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What is the angle?
A narrow angle is an anatomical configuration in the eye that under certain conditions can result in high eye pressure. High eye pressure may lead to glaucoma. The diagnosis of narrow angles is not the same as a diagnosis of glaucoma. Only a small percentage of patients with narrow angles develop glaucoma and early diagnosis and treatment can prevent the development of angle closure glaucoma.
The angle of the eye is located at the junction between the iris (the colored part of the eye) and the cornea (the transparent surface of the eye). The ciliary body, a ring of tissue behind the iris, produces fluid called aqueous humor. This fluid is internal and separate from tears, which is produced by glands outside the eye. The aqueous flows over the lens, then through the pupil and drains internally from the eye via the trabecular meshwork at the angle. As long as aqueous is drained at roughly the same rate it is produced, the eye maintains a normal pressure. If aqueous cannot drain as quickly as it is made, the eye pressure will go up. This situation can occur if the angle becomes critically narrow.
What makes the angle narrow?
The lens grows throughout life, increasing in size by adding on onion-like rings of tissue. The lens is located behind the iris and it moves the iris forward as it grows. In some people, this gradual forward movement can slowly narrow or crowd the angle, and this is why narrow angles tend to be seen more commonly as we age. Some eyes are more predisposed to narrow angles than others. Narrow angles are more commonly found in people over the age of 40, females, far sighted or hyperopic patients, and in people of East Asian, African and Inuit descent.
How can I care for my narrow angles?
The best way to care for this eye condition is to schedule follow up appointments with your eye doctor and to monitor yourself for symptoms of angle closure.
Various factors may induce angle closure, including low lighting conditions, pain, emotional upset or fright. A number of systemic medications, including allergy and cold medications, antidepressants and anticholinergics, carry warnings against use by patients "with glaucoma". These warnings most often refer to narrow angles as these medications may precipitate angle closure in the predisposed eye.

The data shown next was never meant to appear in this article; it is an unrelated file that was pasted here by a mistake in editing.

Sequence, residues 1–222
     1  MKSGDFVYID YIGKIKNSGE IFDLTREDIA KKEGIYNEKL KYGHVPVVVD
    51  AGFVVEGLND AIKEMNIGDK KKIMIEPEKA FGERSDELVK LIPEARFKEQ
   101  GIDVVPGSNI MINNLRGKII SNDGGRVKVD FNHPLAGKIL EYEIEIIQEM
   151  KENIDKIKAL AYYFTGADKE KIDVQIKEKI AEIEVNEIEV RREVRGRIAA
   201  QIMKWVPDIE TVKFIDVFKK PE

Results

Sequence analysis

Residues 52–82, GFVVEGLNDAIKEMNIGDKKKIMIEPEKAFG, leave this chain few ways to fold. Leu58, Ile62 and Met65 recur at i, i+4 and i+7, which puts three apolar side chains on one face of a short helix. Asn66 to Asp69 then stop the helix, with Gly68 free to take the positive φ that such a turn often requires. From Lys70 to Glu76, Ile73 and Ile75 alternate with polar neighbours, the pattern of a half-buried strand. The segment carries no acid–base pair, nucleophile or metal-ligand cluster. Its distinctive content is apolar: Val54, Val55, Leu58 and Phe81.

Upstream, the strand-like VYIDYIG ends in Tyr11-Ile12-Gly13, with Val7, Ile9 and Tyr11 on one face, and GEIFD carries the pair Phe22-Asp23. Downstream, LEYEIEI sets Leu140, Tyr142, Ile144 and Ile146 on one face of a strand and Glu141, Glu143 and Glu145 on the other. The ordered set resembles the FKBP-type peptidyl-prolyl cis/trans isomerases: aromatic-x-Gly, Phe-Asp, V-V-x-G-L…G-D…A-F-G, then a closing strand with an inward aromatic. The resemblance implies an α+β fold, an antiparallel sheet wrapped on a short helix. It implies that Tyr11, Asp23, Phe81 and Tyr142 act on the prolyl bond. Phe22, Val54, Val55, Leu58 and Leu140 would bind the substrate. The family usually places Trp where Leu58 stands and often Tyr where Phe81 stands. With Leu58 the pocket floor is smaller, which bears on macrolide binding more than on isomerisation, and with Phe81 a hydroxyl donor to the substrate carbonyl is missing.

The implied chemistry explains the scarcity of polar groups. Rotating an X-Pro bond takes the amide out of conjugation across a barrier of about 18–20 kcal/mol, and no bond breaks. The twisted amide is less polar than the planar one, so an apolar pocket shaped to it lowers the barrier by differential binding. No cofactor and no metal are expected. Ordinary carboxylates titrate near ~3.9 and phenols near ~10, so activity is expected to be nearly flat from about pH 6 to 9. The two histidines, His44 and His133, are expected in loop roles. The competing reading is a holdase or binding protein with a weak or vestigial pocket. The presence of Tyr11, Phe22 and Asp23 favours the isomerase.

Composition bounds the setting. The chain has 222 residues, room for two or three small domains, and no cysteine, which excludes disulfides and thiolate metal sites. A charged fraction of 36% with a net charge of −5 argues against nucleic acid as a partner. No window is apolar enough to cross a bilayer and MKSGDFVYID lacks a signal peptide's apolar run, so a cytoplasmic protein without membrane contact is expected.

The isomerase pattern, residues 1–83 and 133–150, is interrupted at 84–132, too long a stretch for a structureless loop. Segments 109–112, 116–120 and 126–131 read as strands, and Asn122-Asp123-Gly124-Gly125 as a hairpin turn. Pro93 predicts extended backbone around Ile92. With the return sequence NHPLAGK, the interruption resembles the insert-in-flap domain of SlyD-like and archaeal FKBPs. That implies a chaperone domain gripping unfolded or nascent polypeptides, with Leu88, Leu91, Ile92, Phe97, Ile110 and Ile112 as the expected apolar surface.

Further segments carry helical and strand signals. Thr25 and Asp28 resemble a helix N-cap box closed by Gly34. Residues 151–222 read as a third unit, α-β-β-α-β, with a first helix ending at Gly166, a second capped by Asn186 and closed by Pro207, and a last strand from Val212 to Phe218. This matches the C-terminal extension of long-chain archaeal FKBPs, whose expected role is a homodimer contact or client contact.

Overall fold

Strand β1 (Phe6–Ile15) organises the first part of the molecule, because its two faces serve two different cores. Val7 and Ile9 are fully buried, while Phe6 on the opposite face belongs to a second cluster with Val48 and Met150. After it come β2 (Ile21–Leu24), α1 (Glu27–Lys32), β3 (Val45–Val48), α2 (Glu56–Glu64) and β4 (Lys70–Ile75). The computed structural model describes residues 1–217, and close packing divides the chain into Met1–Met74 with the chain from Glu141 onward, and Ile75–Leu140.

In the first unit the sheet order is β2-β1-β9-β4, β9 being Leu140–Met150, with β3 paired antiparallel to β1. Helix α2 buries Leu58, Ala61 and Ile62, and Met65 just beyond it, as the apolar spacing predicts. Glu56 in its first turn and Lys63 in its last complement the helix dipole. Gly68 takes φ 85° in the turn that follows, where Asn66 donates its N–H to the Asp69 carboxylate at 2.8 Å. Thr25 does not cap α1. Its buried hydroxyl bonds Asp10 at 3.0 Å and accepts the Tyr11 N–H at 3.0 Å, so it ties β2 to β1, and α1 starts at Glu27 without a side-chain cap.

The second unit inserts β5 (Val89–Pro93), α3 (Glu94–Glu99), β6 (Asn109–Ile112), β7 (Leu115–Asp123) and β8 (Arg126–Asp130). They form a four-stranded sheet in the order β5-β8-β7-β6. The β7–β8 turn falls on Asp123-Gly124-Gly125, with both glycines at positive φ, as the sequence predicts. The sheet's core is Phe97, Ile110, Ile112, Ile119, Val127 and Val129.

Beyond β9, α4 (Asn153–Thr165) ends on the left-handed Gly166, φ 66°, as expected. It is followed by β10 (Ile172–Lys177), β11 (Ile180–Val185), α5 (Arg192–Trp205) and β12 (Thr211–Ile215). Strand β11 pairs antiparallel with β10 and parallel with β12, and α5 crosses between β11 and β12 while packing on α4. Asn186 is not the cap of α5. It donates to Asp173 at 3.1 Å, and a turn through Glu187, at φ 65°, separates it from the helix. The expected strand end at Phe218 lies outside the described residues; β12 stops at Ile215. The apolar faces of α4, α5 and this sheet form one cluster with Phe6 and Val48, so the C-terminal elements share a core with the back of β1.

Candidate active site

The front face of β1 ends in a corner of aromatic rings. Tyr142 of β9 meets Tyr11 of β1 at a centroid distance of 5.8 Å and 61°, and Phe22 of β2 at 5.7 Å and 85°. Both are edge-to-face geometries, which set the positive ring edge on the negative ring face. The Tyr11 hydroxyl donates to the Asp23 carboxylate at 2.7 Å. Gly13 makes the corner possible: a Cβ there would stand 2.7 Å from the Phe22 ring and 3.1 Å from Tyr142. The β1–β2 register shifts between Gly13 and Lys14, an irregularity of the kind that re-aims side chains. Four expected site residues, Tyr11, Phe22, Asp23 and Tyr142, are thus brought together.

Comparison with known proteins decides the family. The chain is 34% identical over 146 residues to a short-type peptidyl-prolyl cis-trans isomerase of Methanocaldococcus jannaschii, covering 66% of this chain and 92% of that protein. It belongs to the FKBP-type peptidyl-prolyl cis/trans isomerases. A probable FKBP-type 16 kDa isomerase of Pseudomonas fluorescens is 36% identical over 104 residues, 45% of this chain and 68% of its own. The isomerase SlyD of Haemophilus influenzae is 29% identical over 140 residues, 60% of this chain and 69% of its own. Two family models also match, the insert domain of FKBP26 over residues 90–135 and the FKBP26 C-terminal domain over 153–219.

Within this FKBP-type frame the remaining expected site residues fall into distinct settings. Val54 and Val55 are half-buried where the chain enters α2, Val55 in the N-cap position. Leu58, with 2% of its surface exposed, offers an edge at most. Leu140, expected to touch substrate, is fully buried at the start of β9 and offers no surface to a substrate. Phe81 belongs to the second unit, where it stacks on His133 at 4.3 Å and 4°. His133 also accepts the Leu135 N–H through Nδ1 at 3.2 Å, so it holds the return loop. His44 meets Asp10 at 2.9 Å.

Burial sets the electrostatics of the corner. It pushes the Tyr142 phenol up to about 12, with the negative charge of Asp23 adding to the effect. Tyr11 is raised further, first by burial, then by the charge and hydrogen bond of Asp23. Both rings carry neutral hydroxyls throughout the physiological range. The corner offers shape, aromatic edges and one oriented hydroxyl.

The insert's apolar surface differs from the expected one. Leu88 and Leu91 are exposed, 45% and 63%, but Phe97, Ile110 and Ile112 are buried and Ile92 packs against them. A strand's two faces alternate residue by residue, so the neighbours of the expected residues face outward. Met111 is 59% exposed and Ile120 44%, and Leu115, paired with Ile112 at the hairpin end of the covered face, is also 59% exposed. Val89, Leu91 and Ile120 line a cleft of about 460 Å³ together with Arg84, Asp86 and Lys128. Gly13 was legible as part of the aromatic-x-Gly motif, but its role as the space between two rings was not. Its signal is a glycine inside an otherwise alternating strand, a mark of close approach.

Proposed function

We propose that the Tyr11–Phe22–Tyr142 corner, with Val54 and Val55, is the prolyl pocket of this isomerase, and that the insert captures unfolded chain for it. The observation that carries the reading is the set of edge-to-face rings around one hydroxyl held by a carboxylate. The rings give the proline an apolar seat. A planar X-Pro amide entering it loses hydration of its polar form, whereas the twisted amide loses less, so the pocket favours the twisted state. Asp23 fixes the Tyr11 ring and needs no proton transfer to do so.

When should I call for help?
Symptoms that the angle is closing intermittently include episodes of blurred vision, perhaps seeing halos around objects, a headache-like pain around the eye or brow and a red eye. These symptoms can resolve spontaneously, and they can occur periodically over days or weeks. In addition, if the angle closes and does not reopen spontaneously, you may experience nausea and vomiting. Call your eye doctor's office immediately if you are experiencing these symptoms.
Treatment for narrow angles
Not all narrow angles require immediate treatment and your ophthalmologist may decide that you should have periodic follow-up to determine when treatment is indicated. Treatment includes placement of a microscopic hole in the iris using a laser. This procedure is known as laser iridotomy. Once aqueous can flow through the laser opening, the angle can open, and the risk of elevated eye pressure and damage to the optic nerve is reduced.
Laser iridotomy is an office procedure. Although the actual procedure only takes 5-10 minutes, expect to be in the office for about 2 hours for an eye pressure check about 1 hour after the laser procedure. The potential risks of this procedure includes inflammation, rise in eye pressure, bleeding, blurred vision and rarely glare and visual distortion. There is no activity restriction after the procedure.